Barbra Streisand's memoirs reveal that she wasn't born a leading lady—she became one herself

The season of celebrity memoirs is upon us. In just the past few months, Britney Spears, Jada Pinkett Smith, Kerry Washington, and many others have inundated us with revelations and insights into their origin stories and personal lives. Despite these formidable contenders and the crowded field they occupy, the celebrity memoir I'm most eagerly anticipating is that of the one and only Barbra Streisand. Thanks to the opportunity to speak with her for this week's episode of "It's Been a Minute," I was able to get a copy.

For me, the iconography of Streisand begins with her nails. Her elegant claws (all natural, by the way) serve as a tangible symbol of the Streisand brand, distinct from her trademark voluminous hairstyle with its deep part, characteristic of her early fame, or the smooth cut she adopted in the '90s, or even the smoky chevrons of her signature feline gaze.

As the old story goes, when Streisand was a struggling actress, her mother suggested she take typing lessons to become a secretary in the New York City school system. In defiance, Streisand grew her nails, dedicating herself entirely to show business, and the rest is history—though Streisand now acknowledges that knowing how to type might have made writing her book a bit easier.

Streisand's memoir, "My Name Is Barbra," is nearly 1,000 pages of this savvy, her rhythmic Brooklyn cadence conveyed through countless ellipses and plenty of enjoyable digressions about her favorite kind of jelly roll or particularly successful antique store raid. There's the time Streisand stepped in and suggested a blocking line for Robert Redford on the set of "The Way We Were." And, of course, her recounting of how she made her Broadway debut at the tender age of 20, replete with tales of nerves and self-discovery.

Years later, when everyone from her agent to dozens of producers thought "Yentl" was "too Jewish" to connect with a mainstream audience, she persisted, ultimately earning five Oscar nominations and one win for the film. It took more than 15 years to bring the project to fruition, but Streisand's determination prevailed. "I became who I wanted to become... I don't want someone to tell me who I can't be," she told me.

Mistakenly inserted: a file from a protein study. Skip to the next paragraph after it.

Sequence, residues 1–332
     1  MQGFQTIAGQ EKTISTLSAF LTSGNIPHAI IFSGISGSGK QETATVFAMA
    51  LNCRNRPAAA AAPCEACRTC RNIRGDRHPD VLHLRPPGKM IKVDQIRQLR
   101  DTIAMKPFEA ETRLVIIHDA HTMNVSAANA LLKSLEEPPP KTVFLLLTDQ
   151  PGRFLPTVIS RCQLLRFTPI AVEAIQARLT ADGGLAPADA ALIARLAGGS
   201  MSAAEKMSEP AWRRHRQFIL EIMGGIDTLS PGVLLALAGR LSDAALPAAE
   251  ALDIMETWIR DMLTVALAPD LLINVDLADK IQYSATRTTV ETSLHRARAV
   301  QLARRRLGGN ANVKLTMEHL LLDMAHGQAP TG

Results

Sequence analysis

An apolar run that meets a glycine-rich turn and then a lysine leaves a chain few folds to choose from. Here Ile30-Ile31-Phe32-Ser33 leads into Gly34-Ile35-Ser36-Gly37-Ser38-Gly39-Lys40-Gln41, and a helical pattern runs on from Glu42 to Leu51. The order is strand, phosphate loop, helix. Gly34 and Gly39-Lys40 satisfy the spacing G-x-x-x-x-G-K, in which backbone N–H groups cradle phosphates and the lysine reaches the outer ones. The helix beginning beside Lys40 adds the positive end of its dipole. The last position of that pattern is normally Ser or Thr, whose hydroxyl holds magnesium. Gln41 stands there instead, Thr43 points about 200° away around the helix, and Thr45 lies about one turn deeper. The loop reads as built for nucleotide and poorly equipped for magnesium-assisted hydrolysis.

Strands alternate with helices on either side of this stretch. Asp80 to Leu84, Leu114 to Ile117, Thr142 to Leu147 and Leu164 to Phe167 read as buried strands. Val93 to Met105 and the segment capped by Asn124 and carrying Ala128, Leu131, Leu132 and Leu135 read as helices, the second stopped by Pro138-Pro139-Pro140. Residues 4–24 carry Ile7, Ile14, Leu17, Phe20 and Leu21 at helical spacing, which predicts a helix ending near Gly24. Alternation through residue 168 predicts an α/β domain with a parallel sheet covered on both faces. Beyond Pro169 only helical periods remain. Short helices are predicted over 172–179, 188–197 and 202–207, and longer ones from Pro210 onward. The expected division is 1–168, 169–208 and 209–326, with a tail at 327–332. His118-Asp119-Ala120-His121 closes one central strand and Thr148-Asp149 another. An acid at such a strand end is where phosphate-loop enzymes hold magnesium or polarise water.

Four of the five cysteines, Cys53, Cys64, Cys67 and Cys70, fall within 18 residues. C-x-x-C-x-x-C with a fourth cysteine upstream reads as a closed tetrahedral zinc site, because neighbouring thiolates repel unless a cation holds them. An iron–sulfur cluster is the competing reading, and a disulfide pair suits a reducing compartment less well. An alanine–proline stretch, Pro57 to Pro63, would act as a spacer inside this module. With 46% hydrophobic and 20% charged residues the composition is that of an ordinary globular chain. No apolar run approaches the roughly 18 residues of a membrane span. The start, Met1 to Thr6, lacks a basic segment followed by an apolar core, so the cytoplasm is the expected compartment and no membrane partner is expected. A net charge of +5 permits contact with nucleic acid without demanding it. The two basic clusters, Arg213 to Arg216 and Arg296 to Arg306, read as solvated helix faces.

Throughout the 59 chapters of her book and over the course of many decades, Streisand seeks to elevate the names of those who have inspired, impressed, or even challenged her. Her detractors are generally tossed aside or dismissed. She tells her life story as a series of odysseys, and she always emerges victorious.

Honestly, she has earned it. Her résumé speaks for itself: over 50 albums, box office titan, and a full EGOT (Emmy, Grammy, Oscar, and Tony for the uninitiated). She was told to change her features and her name, but she didn't, reshaping Hollywood's notions of beauty and allure. Yet even I, a devoted fan, don't think I fully grasped the depth of Streisand's mastery until I recently saw a video of her that had been circulating on social media. It's a behind-the-scenes clip of an explosive scene from "Yentl." Streisand, in a pixie-cut wig topped with a yarmulke, deftly switches gears between directing a frenzied Mandy Patinkin, instructing the cameraman, and performing a key emotional moment of the character. We don't see the diva; we see genius.

Streisand's legacy still lingers across our cultural landscape like a constellation; Jane Campion's Oscar win, Lady Gaga's transformation into a screen goddess, Beyoncé's Parkwood Entertainment. But such artistic forces, like them, like Barbra, don't spring forth fully formed. They're honed over years: one late-night shoot, one "let's take it from the top" more, and one long nail at a time. And in a society that tends to value female passivity while simultaneously praising their achievements, it's particularly satisfying to look back on "My Name Is Barbra" and marvel at how she truly became a star.

Barbra Streisand in March 1966. Terry Fincher/Express/Getty Images

To be honest, she's earned it. Her resume speaks for itself: over 50 albums, a box office powerhouse, and a complete EGOT (Emmy, Grammy, Oscar, and Tony for those unfamiliar). She was told to change her looks and her name, but she didn't, reshaping Hollywood's notions of beauty and attractiveness. Yet even I, a devoted fan, don't think I fully grasped the depth of Streisand's mastery until I recently saw a video of her that had been circulating on social media. It's a behind-the-scenes clip of an explosive scene from "Yentl." Streisand, in a pixie-cut wig crowned with a yarmulke, effortlessly transitions between directing an impassioned Mandy Patinkin, instructing the cameraman, and delivering a crucial emotional moment of her character. We don't see the diva; we see genius.

Streisand's legacy still looms large in our cultural landscape, like a constellation; Jane Campion's Oscar win, Lady Gaga's transformation into a screen goddess, Beyoncé's Parkwood Entertainment. But such artistic forces, like them, like Barbra, don't emerge fully formed. They are honed over years: one late-night shoot, one "let's take it from the top" more, and one long nail at a time. And in a society that tends to value female passivity while simultaneously celebrating their achievements, it's particularly satisfying to look back at "My Name Is Barbra" and marvel at how she truly became a star.

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